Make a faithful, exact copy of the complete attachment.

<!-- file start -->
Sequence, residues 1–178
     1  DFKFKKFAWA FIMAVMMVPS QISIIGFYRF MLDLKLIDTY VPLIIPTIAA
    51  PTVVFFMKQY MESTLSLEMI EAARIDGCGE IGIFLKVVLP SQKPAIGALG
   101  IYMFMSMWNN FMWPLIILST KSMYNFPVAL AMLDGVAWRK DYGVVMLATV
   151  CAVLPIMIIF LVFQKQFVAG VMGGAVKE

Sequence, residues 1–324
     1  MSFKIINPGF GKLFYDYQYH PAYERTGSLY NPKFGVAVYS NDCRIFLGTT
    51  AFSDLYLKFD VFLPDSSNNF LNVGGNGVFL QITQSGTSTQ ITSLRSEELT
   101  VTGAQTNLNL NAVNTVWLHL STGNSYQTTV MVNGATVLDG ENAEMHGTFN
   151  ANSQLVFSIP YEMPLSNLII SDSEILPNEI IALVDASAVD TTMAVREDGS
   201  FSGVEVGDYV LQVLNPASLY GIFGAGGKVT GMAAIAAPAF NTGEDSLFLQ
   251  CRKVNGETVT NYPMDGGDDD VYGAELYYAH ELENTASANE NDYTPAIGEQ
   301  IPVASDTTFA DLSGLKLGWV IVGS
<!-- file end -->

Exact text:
Sequence, residues 1–178
     1  DFKFKKFAWA FIMAVMMVPS QISIIGFYRF MLDLKLIDTY VPLIIPTIAA
    51  PTVVFFMKQY MESTLSLEMI EAARIDGCGE IGIFLKVVLP SQKPAIGALG
   101  IYMFMSMWNN FMWPLIILST KSMYNFPVAL AMLDGVAWRK DYGVVMLATV
   151  CAVLPIMIIF LVFQKQFVAG VMGGAVKE

Sequence, residues 1–324
     1  MSFKIINPGF GKLFYDYQYH PAYERTGSLY NPKFGVAVYS NDCRIFLGTT
    51  AFSDLYLKFD VFLPDSSNNF LNVGGNGVFL QITQSGTSTQ ITSLRSEELT
   101  VTGAQTNLNL NAVNTVWLHL STGNSYQTTV MVNGATVLDG ENAEMHGTFN
   151  ANSQLVFSIP YEMPLSNLII SDSEILPNEI IALVDASAVD TTMAVREDGS
   201  FSGVEVGDYV LQVLNPASLY GIFGAGGKVT GMAAIAAPAF NTGEDSLFLQ
   251  CRKVNGETVT NYPMDGGDDD VYGAELYYAH ELENTASANE NDYTPAIGEQ
   301  IPVASDTTFA DLSGLKLGWV IVGS